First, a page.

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Homes, homes on the range …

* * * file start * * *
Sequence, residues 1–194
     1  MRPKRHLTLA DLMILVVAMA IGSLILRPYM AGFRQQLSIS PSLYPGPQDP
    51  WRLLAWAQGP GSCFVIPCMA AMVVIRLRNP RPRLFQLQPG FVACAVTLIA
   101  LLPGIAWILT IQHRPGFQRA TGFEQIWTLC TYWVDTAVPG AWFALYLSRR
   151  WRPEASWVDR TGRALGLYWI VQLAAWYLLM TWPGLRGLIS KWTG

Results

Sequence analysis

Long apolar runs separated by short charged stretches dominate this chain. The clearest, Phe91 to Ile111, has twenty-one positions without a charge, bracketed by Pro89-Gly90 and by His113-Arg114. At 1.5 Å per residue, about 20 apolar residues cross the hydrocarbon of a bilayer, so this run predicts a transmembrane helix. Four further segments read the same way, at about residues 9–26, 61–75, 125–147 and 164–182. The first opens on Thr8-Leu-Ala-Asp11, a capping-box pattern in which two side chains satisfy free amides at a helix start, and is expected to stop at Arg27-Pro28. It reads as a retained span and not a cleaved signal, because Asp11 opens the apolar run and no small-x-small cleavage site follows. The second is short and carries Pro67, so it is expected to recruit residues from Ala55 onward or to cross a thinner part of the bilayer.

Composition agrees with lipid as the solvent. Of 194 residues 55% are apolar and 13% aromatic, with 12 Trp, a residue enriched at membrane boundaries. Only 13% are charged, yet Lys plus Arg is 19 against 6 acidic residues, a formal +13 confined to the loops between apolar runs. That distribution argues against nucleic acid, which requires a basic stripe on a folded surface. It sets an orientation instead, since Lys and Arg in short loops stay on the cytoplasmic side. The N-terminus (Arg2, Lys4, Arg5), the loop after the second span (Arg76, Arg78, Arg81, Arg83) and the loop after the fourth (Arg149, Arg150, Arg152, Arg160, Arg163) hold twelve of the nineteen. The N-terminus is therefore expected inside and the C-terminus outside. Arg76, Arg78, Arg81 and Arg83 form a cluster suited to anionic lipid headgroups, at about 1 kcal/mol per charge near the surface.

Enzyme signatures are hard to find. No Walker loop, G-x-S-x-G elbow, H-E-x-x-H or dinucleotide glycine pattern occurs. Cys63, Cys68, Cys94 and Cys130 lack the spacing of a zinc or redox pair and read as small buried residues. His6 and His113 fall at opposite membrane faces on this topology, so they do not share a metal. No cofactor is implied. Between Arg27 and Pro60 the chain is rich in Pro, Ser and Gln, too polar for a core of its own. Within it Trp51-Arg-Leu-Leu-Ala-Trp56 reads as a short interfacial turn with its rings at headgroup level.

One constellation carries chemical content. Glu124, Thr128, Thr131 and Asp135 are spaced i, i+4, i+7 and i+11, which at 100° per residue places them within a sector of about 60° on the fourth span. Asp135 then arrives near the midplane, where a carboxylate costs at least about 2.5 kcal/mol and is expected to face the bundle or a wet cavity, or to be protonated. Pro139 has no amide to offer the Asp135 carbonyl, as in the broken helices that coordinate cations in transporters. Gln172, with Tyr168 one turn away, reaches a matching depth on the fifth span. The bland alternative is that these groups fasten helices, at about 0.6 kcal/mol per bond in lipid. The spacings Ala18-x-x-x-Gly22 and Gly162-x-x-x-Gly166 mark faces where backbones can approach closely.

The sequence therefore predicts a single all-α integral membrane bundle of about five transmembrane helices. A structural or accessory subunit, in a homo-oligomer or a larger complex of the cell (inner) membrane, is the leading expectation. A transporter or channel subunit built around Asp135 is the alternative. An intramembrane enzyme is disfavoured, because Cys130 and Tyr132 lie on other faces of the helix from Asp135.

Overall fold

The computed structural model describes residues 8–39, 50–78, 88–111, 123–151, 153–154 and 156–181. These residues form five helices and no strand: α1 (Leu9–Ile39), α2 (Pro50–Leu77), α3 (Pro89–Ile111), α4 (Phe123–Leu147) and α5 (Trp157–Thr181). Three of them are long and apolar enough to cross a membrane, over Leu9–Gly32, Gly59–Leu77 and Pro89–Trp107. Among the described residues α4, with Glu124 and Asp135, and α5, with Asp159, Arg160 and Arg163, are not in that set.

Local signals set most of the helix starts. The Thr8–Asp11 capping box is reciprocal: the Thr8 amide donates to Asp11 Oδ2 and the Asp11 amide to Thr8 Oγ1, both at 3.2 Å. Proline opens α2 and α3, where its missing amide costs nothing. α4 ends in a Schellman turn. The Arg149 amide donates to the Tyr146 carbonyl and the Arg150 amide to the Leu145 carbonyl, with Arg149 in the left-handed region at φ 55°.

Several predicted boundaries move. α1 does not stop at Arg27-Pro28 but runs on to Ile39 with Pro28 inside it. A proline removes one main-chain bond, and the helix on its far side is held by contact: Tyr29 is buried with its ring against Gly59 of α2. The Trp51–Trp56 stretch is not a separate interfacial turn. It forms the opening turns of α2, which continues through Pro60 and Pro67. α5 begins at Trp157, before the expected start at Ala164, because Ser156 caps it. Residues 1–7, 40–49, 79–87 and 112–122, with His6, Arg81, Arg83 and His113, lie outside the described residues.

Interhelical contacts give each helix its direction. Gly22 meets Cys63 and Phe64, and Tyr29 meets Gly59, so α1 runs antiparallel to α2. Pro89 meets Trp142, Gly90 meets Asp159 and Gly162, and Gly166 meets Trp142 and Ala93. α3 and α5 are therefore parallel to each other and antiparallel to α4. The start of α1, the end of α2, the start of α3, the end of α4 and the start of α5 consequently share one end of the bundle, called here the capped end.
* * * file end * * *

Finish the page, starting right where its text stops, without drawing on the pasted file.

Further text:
Manufactured homes might be mobile, but once in place, getting rid of one can be difficult.It used to be easy to move a manufactured home into eastern El Paso County, which could be the reason they are plentiful.Until 2003, no permit was required to put a mobile home on a property in eastern El Paso County, said Peggy Winters, who tracks the movement of mobile and manufactured homes for the county assessor’s office.”Now, you’re required to get a moving permit to move a manufactured home to the site, as well as a building permit from the Pikes Peak Regional Building Department to do a temporary set, where it’s strapped down, or a permanent set on a concrete perimeter,” Winters said.In 2005, the El Paso County Board of Commissioners deemed as unsafe any mobile home not built to U.S. Department of Housing and Urban Development’s 1976 safety standards.The BOCC’s decision made it illegal to install or relocate in El Paso County a mobile home built before 1976.At the time, as reported in an article in The Gazette Dec. 11, 2005, Commissioner Dennis Hisey said he’d heard developers were dumping pre-1976 mobile homes in El Paso County in response to restrictions on them imposed by most other Front Range counties.The decision narrowed the choices for getting rid of a mobile home: Leave it, demolish it, haul it to a county or state that will accept it or take it to the dump.A couple of years ago, Kathy Hare sent her manufactured home to the dump.”It cost $4,000 to take it to a dump in Pueblo County, and it would have cost $1,000 more to take to a dump in El Paso County,” Hare said.She hired Dennie Murr, a professional mobile home mover, to do the moving.Murr said about 20 percent of the homes he moves go to a landfill.”I used to take them to a landfill in Pueblo where they’d tear them apart and turn the steel in for scrap. My fee was real cheap because they were reclaiming them, but that landfill went under,” Murr said. “When it reopened under new management, they stopped reclaiming them.”Now Murr takes mobile homes to the Waste Connections landfill in Fountain, where they don’t get reclaimed, either.”They just smash them. It’s just another pile of trash to them,” he said.Winters said Huerfano County in Colorado still accepts mobile homes built before 1976, and Murr said he sometimes moves a livable pre-1976 mobile home to towns outside El Paso County, where it’s legal to set them.Murr said there are many abandoned mobile homes in the county.”A lot of people just walk away. They’re older homes of no value to anybody, so they’re not trying to sell them,” he said. “They don’t want to get stuck with the cost of trying to get rid of them.”Before there were any laws, people would set up mobile homes and just have their family members move in, or people just hauled them in because they wanted to use them as pig or goat barns. Some were lived in and then abandoned.”Winters said she uses permits to track the movement of mobile homes in the county.”When they move them around without any type of permit and pull them into nooks and crannies, you can’t see them from the road,” she said. “Unless I’m there for another purpose, we never know they’re there.”Winters said if a mobile home is going to be moved onto a property and used for storage, it won’t be taxed, but the county asks that the kitchen be removed.”I can usually tell the kitchen’s been removed because when I drive by I can see they don’t have it hooked up to electricity,” she said. “We’re hoping they’re using it as a shed and not living in it. But I’ve seen people live in homes without water or utilities.”El Paso County Board of Health regulations require that properties inhabited by people have an onsite wastewater system, but there’s no requirement to have a well.”That’s because a lot of people haul their water and store it in a cistern,” Winters said.The county has two options for dealing with housing in bad repair or abandoned, said Terry Rorick, the county’s code enforcer.”One is the rubbish ordinance. If I get a complaint on a mobile where the side’s coming off, insulation’s blowing, the roof’s coming off, we can go after them for rubbish,” Rorick said.The other option is the county’s unsafe building ordinance, which can be used if kids are smoking dope inside or the fire district thinks it’s a fire danger, he said.”We don’t have the resources to initiate actions on our own, but we always take action on a complaint from a nearby property owner,” Rorick said.The county is happy if the owner decides to tear a mobile home down or haul it away, he said.”In cases where taxes aren’t being paid on the property, the county can do a foreclosure. If someone comes in and pays the taxes on it, they become the owner and they get a surprise (in the form of a code enforcement action),” Rorick said.”Our main concern is bringing the property into compliance and getting rid of those old mobiles.”

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